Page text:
Anxiety refers to feelings of worry, stress, and fear. Although these feelings are a part of your daily life, the problem arises when they become constant, persistent. When they become strong enough and stat overpowering your day-to-day life, it may be called an anxiety disorder.

Feeling anxious about your baby’s health and your health as well, while you are pregnant is extremely normal. There are a number of changes that your body goes through during the pregnancy, and this might also end up affecting your mood, emotions and actions. This ends up making you extremely prone to worry and stress.

However, there is a big line of difference between normal worrisome thoughts and serious anxiety during pregnancy. The latter is also known as Antenatal Anxiety. If these feelings and thoughts of worry and stress are constant and start making hindrances in your day-to-day life, you should consult your doctor and figure out ways of dealing with them together. Severe, long-term anxiety can also increase your risk of labor problems and delivering a low weight baby. It can also lead to increased chances of the child developing behavioural and emotional challenges in the future.

It is extremely important to seek help and speak with your doctor if and when you are experiencing such symptoms during your pregnancy.

There are several anxiety and pregnancy-related disorders, and they might cause the symptoms to vary. Here are some of the common ones that you need to take seriously.

1. Feeling anxious, nervous constantly
2. Feeling an uncontrollable anxious sensation
3. Worrying excessively and not being able to stop or control your thoughts
4. Finding it difficult to relax
5. Feeling constantly restless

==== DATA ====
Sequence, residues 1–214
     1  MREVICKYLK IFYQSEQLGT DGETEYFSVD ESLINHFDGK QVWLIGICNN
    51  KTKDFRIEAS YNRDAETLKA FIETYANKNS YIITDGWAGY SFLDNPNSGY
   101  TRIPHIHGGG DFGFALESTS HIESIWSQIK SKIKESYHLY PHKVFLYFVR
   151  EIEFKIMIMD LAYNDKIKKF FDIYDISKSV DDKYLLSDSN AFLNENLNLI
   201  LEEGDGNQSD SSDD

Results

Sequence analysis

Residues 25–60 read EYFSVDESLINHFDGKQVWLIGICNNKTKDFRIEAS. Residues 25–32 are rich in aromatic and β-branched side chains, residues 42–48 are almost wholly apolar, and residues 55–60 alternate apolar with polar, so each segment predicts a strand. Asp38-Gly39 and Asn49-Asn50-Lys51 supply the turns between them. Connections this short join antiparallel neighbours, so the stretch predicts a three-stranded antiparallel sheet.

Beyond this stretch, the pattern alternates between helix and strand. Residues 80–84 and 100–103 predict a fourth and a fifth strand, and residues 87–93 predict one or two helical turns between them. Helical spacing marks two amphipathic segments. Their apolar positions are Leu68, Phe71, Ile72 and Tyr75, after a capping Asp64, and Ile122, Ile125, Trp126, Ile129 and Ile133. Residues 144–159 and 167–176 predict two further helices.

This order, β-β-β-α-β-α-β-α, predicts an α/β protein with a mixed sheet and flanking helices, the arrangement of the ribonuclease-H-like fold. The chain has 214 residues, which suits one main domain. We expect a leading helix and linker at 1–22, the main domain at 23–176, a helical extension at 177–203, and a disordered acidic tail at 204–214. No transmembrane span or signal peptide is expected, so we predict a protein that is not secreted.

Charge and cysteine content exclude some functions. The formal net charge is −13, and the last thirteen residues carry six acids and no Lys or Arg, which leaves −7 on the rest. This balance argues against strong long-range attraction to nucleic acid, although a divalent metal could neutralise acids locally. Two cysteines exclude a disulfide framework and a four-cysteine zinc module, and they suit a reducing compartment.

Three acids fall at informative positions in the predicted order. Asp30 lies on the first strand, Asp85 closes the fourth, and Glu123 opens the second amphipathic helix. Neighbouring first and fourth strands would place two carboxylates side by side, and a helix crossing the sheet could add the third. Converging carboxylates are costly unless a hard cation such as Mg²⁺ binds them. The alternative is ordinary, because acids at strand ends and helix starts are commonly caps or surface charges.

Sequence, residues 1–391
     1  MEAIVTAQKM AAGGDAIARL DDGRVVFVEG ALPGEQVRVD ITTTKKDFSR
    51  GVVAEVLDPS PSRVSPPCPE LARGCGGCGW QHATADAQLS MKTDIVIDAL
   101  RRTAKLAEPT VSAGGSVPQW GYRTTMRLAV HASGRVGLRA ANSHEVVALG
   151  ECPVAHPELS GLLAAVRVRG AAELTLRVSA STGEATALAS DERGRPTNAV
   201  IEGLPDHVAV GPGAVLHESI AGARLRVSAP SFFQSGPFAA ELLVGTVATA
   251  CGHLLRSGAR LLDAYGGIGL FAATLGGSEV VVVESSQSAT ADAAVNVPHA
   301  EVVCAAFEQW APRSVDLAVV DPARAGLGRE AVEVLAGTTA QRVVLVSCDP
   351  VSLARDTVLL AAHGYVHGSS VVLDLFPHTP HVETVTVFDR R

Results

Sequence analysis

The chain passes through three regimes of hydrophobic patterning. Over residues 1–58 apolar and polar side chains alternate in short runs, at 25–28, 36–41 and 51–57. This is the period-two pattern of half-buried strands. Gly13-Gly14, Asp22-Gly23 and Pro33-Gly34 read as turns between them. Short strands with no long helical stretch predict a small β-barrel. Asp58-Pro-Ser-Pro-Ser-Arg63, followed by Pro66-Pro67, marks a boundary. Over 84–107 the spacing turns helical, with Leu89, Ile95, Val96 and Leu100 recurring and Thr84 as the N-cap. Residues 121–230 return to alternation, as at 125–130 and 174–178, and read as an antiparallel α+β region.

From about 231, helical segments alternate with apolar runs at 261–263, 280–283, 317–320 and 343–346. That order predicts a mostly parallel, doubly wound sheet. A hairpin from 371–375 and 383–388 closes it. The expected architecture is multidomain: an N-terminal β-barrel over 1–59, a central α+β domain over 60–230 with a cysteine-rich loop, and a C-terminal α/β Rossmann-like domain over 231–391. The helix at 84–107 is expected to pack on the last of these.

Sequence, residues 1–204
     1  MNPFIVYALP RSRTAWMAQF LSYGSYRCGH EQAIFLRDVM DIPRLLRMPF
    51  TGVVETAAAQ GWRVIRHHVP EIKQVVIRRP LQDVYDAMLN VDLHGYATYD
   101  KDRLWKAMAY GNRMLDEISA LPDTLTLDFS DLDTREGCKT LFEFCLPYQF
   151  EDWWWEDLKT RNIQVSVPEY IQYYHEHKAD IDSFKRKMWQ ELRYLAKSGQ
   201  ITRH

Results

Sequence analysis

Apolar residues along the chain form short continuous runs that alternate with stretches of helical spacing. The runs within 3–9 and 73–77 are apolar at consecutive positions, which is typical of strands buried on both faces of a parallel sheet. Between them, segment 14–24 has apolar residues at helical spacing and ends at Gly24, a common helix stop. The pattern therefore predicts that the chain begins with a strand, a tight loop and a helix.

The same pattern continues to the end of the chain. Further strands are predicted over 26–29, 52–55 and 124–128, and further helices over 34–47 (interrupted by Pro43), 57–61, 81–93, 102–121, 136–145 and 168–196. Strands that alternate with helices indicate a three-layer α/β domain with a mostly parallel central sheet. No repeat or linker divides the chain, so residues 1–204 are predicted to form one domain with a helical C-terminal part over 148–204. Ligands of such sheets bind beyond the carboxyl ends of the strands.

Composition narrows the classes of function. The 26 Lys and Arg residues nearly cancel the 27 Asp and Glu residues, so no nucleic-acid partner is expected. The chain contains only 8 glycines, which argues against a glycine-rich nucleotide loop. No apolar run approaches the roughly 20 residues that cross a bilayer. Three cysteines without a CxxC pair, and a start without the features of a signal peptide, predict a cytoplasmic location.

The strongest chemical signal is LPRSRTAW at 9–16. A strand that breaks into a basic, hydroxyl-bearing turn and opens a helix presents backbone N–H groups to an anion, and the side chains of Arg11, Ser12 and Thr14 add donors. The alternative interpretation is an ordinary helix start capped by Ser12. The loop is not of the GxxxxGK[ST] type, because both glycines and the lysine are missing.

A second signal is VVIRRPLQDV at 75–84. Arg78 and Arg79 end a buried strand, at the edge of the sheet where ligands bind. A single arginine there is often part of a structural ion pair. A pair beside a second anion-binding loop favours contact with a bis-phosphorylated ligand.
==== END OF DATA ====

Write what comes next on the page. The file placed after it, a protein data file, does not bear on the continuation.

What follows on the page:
6. Feelings of irritability and agitation
7. Difficulty concentrating
8. Difficulty sleeping
9. Feelings of fear
10. Fearing that bad things might happen to you or your baby

How Can This Be Treated?
Any type of anxiety is treated through psychological help, relaxation training and therapy. Anxiety during pregnancy can also be treated with the help of psychological therapies, cognitive behavioural therapies, mindfulness and relaxation techniques. Your therapist, psychiatrist or trainer might also encourage you to modify or make some changes in your lifestyle in order to cut out stress and tension and eat more healthily.

In the case of severe problems, your doctor might also prescribe you anxiety medication. In the case of anxiety and pregnancy, your doctor will have to work it out and discuss with you in order to understand what medicines are safe for you.

Author's Bio: 

Gerald Travis is the head of the psychology & social sciences department in a major university in Kansas, the USA. An authority in his field, Gerald frequently writes about the psychological effects of games online and is a visiting tutor at